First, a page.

Smokers may have another tool to use in the battle to stop puffing: resistance training.
A pilot study found that men and women who did several weeks of strength training had better quit rates than those who watched health and wellness videos.
Researchers tracked the progress of 25 male and female smokers, all of whom received nicotine patches and a counseling session on how to stop smoking. They were then randomly split into two groups — one did three months of resistance training, and the other watched twice-weekly videos on health-related topics. The latter served as a control group.
The strength training group worked out twice a week for an hour, doing a full-body routine. Sets and weights increased as the participants got stronger.
After 12 weeks, 16 percent of people in the resistance training group had quit, compared with 8 percent in the control group. The exercise paid off in other ways — those who worked out also lost a little over a pound on average, while the controls gained about the same amount of weight. The workout group also decreased body fat on average by 0.5 percent, while those in the control group increased their body fat by an average of 0.6 percent. The authors noted that these results show that a resistance training program could not only aid efforts to quit cigarettes, but also halt weight gain and help maintain muscle mass.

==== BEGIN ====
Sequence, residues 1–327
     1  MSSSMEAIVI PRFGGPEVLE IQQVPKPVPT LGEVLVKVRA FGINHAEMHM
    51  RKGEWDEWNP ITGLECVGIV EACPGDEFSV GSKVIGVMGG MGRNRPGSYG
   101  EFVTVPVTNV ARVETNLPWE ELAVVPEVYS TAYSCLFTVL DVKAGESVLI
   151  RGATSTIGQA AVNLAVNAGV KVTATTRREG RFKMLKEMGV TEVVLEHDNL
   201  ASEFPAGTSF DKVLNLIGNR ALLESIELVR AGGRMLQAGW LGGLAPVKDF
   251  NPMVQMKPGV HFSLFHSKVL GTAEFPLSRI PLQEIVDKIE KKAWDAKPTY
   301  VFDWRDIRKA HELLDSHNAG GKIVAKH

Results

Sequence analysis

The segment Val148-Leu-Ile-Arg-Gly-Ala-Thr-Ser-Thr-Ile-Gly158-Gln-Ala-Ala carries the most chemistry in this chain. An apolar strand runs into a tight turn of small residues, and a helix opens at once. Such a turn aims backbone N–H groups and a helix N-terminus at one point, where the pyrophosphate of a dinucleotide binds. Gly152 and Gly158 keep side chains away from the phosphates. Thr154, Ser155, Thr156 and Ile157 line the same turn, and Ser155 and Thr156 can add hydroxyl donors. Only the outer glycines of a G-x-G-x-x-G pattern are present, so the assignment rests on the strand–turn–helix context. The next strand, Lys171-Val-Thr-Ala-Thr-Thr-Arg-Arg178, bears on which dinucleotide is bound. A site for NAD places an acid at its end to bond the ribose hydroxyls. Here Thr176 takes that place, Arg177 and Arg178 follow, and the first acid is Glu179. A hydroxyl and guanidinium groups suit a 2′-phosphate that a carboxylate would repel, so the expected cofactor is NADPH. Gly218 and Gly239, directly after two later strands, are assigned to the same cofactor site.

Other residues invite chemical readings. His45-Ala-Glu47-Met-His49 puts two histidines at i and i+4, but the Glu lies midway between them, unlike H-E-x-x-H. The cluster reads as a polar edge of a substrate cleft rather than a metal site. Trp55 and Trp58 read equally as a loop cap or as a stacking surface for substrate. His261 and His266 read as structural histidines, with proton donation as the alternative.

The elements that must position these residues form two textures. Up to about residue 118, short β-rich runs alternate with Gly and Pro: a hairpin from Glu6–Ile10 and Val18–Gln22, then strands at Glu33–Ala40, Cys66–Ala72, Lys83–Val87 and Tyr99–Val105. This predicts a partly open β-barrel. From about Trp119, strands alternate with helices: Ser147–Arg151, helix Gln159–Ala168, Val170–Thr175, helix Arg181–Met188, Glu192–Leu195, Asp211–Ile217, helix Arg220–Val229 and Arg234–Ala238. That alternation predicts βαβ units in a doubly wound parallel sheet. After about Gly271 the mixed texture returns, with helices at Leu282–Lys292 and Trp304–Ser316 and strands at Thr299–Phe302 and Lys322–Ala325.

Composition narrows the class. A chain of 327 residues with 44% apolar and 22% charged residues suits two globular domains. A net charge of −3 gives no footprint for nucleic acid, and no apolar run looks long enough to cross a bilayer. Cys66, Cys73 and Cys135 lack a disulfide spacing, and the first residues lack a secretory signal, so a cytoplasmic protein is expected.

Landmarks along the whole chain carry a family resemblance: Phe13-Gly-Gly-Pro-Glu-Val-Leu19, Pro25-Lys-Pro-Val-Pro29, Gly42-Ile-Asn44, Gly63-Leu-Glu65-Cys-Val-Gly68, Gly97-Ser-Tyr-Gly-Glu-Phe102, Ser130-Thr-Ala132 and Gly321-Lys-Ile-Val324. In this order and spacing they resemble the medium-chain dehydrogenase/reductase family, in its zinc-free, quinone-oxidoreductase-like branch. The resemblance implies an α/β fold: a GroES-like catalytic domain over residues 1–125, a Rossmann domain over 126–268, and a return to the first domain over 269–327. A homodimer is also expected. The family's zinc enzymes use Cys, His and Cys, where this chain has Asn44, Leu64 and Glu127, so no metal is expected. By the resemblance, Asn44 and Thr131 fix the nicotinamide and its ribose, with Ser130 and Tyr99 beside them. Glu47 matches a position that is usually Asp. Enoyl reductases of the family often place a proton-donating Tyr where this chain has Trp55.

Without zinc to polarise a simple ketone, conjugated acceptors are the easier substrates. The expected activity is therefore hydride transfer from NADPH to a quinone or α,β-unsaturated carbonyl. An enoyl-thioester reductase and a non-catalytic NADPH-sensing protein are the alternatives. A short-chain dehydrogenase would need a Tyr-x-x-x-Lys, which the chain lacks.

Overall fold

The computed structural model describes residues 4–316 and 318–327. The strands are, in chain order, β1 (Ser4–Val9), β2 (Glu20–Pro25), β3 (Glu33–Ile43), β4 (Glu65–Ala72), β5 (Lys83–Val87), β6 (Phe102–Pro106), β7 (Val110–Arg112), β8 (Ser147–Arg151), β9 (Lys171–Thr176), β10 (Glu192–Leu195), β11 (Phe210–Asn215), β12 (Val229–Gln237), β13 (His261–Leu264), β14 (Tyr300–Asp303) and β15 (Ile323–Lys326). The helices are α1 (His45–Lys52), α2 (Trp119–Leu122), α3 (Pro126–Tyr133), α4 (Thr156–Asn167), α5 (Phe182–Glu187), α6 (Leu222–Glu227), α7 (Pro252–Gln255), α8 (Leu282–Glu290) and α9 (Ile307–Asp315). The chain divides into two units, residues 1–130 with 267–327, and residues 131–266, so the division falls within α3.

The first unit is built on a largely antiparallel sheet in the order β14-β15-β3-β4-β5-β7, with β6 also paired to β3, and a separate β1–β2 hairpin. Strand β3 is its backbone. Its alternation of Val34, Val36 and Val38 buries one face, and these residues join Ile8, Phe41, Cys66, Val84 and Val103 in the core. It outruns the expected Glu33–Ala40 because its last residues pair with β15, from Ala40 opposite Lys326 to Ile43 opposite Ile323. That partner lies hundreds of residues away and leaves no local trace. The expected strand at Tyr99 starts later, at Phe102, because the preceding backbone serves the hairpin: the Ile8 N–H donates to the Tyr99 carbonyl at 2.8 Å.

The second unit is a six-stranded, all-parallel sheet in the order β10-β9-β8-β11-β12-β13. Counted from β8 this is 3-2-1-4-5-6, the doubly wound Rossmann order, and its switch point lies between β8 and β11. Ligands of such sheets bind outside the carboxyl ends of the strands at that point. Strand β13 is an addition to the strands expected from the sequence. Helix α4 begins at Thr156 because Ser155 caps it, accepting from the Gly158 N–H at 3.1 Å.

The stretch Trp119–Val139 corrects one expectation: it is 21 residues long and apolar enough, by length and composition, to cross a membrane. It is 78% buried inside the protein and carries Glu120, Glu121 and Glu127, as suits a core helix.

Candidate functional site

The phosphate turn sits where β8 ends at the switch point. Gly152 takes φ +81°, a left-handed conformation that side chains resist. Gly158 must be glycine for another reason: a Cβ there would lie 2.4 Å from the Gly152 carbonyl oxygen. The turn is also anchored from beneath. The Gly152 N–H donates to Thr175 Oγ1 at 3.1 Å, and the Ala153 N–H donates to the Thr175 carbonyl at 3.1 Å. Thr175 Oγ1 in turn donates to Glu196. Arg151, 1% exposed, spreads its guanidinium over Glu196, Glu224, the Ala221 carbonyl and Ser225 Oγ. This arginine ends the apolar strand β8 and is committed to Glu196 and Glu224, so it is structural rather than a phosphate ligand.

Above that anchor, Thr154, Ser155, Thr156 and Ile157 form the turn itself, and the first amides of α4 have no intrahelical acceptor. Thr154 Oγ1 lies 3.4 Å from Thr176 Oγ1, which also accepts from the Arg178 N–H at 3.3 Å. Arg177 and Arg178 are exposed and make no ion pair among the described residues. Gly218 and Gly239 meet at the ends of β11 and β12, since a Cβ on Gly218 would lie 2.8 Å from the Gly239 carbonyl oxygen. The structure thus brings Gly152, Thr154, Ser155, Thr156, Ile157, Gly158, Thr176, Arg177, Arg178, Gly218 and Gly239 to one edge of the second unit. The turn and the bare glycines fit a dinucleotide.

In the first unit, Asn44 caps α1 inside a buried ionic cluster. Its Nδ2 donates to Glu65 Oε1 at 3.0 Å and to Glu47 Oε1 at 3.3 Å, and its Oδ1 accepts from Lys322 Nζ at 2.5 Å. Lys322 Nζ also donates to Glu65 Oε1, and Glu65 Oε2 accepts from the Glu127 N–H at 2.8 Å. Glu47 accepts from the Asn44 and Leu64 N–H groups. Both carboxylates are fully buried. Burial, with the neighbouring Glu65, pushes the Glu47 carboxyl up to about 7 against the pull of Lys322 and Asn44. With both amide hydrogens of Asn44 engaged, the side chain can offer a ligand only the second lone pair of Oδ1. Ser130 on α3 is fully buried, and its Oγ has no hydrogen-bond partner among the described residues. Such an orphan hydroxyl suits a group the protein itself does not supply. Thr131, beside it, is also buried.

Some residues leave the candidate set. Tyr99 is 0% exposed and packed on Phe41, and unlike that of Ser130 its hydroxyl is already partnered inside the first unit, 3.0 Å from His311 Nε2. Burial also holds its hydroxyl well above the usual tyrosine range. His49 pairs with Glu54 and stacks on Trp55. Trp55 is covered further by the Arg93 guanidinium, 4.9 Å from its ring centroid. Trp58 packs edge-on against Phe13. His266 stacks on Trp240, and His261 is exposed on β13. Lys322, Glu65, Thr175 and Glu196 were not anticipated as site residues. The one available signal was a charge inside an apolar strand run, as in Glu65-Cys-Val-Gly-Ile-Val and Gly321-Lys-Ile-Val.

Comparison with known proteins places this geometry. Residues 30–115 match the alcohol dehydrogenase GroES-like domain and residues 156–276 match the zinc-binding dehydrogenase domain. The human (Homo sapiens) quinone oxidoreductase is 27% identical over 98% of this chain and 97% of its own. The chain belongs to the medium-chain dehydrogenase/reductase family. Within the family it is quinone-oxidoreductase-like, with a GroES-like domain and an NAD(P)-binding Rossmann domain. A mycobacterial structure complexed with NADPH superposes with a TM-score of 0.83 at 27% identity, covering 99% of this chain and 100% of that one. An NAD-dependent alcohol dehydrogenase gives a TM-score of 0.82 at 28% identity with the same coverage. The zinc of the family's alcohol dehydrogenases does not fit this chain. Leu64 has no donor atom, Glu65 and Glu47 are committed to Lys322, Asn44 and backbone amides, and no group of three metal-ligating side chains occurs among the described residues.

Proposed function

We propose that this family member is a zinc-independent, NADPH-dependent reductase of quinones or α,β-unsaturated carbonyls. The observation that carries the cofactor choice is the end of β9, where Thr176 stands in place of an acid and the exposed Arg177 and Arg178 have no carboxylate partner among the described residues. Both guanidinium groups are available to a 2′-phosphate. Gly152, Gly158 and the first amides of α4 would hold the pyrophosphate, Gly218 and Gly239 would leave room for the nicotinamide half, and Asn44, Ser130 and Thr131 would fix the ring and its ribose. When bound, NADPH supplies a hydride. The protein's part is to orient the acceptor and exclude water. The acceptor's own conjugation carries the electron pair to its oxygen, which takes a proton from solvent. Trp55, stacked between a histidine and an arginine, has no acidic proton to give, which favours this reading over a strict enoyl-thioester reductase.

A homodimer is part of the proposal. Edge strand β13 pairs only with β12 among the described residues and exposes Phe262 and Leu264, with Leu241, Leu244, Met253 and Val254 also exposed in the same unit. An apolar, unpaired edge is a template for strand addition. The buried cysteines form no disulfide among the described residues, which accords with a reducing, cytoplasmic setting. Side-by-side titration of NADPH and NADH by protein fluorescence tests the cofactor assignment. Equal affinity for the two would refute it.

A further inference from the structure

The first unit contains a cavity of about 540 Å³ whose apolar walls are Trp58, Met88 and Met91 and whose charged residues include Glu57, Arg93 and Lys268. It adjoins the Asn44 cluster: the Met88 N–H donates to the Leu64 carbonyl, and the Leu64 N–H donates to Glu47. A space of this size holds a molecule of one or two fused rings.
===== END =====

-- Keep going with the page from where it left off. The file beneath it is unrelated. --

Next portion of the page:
The results seemed to last. Three months after the study ended, 15 percent of participants in the resistance training group and 8 percent in the control group were still on the quit list.
Although the authors emphasized that this was a small study, lead author Joseph Ciccolo called the results "promising" in a news release. The authors also noted that other studies on the effect of exercise on smoking cessation have primarily focused on aerobic training and had mostly women as participants.
"While the large majority of smokers want to quit, less than 5 percent are able to do it without help," added Ciccolo, an exercise psychologist, researcher and physiologist with the Miriam Hospital's Centers for Behavioral and Preventive Medicine in Providence, R.I. "We need any new tools that can help smokers successfully quit, and it appears resistance training could potentially be an effective strategy."
The study appeared in the August issue of the journal Nicotine & Tobacco Research.